Interactive Investor

Must read: FTSE 100, Shell, BT, ITV, Frasers

27th July 2023 09:14

by Victoria Scholar from interactive investor

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Our head of investment rounds up the morning's big news.

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    European markets have opened in the green following a strong session overnight in Asia. Centrica (LSE:CNA) has soared to the top of the FTSE 100 after reporting record profits.  

    Last night the Federal Reserve hiked interest rates as expected to a 22-year high prompting a mixed market close stateside. Shares in Meta Platforms Inc Class A (NASDAQ:META) jumped around 7% after-hours following a strong increase in ad revenues and a better-than-expected revenue outlook.


    Shell (LSE:SHEL) reported second-quarter profit of $5.1 billion, slumping 56% year-on-year versus the record $11.5 billion in the same period last year, and below analysts’ expectations for $5.8 billion. Its integrated gas business earnings tumbled to $2.5 billion versus $4.9 billion in the first quarter. Despite this, it is returning cash to shareholders by announcing a further share buyback programme of $3 billion, and confirmed plans to raise its dividend by 15% to $0.33 per share.   

    In 2022, Shell recorded a record annual profit of $40 billion on the back of soaring energy prices following Russia’s invasion of Ukraine. After reaching 2022 highs last summer, underlying oil prices have been largely under pressure ever since, weighing on Shell’s refining margins, trading, and earnings. It is also facing higher depreciation charges and operating expenses. Looking ahead, the energy transition and focus on climate change is expected to lead to weaker fossil fuel demand and prices longer-term. That's despite the short-term rebound for oil, driven by voluntary output cuts from Saudi Arabia and Russia as well as a rebound in Chinese demand.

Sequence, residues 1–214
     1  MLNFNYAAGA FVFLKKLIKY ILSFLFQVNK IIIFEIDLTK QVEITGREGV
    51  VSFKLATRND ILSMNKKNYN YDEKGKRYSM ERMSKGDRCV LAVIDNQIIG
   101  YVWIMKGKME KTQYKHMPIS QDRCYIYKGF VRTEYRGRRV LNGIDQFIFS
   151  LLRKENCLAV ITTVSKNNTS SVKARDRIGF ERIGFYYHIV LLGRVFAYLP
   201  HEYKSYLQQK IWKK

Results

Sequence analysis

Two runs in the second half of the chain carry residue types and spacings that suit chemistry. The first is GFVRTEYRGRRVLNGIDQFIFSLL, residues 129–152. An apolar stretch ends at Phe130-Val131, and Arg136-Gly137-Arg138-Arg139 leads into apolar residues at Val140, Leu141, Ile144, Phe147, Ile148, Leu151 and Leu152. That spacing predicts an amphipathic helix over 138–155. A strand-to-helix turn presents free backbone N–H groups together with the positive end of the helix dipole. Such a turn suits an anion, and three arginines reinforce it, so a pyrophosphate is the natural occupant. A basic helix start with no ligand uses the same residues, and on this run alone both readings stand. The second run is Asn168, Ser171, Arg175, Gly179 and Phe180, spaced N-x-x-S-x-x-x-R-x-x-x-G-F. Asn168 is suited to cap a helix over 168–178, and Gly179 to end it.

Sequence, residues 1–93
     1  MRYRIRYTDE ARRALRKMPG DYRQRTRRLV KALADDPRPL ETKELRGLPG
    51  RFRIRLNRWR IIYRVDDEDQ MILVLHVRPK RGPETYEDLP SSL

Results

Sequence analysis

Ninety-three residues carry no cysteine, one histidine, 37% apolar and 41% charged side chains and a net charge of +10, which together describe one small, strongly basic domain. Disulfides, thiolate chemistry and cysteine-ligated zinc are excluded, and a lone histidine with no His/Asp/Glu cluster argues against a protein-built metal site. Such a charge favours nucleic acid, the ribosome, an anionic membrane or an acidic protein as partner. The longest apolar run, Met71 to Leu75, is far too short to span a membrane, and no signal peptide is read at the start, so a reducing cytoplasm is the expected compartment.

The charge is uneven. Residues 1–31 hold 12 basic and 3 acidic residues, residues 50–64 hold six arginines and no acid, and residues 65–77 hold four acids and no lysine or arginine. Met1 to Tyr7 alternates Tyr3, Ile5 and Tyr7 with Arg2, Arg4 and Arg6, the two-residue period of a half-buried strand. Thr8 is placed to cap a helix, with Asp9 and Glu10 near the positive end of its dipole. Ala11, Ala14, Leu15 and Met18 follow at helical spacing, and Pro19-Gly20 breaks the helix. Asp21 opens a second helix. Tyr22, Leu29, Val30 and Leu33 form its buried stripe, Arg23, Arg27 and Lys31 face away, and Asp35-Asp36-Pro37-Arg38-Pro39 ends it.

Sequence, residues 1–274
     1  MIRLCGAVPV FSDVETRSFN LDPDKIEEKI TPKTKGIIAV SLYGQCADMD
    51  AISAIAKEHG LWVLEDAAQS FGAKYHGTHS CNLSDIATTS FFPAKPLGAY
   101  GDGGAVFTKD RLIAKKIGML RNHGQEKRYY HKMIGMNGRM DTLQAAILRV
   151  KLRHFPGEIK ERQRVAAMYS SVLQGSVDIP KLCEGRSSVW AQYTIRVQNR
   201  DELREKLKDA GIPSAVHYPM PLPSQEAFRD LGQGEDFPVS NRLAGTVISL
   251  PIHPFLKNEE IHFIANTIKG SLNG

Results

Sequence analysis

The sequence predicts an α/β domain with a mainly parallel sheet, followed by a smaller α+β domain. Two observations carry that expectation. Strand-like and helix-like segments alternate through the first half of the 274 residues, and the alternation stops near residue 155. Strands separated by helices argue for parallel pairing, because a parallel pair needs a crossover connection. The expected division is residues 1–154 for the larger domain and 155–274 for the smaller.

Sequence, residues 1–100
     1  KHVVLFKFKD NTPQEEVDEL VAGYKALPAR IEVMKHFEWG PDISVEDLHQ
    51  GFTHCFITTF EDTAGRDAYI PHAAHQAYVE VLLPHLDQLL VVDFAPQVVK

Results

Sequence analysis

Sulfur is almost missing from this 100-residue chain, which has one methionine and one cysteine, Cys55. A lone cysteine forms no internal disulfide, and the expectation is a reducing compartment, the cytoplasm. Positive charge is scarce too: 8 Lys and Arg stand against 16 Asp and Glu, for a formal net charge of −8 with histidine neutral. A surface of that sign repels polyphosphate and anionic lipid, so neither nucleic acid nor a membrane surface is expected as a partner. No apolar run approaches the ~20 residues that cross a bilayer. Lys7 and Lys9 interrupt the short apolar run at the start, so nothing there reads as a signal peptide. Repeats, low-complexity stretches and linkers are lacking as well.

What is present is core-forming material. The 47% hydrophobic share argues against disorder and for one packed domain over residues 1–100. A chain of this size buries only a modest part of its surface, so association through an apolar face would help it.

After collapsing in 2020 at the height of the pandemic when the global economy ground to a halt, shares in Shell have been sharply rebounding off the lows, although the pace of gains has tempered, with shares up modestly so far in 2023. Despite this, the analyst community remains bullish towards the stock, with no sell recommendations and a majority of buy recommendations. Today Shell is under pressure, dragged down by lower earnings. 


    ITV (LSE:ITV) reported first-half group adjusted EBITDA down 52% to £152 million, missing analysts’ expectations. Media and entertainment revenue fell 9% to £964 million, with total advertising revenues down 11%. However, ITV Studios was a bright spot with revenue up 8%, reaching £1 billion for the first time thanks to strong demand for ITV’s content and ITVX boosted digital revenues by 24%. It enjoyed strong international demand for programmes like Love Island, the Voice, and Come Dine with Me. 

    ITV is struggling with the weak UK advertising market amid the macroeconomic headwinds which are weighing on corporates’ appetite to purchase ads. On top of that, it has been investing heavily in ITVX which has been increasing ITV’s costs. However, looking ahead, ITV is hopeful about attracting viewer eyeballs, particularly around the Women’s football World Cup, the Rugby World Cup and the return of Big Brother. After dropping its possible acquisition of All3Media earlier in the month, ITV said as part of its strategy it ‘will consider selective value-creating M&A’ suggesting there could be further deals in the pipeline.

    Shares in ITV have struggled so far this year, falling significantly from the highs in February. Today shares are trading in the green, reflecting strength in ITV Studios and ITVX as well as a rosy outlook, despite weakness on the bottom line.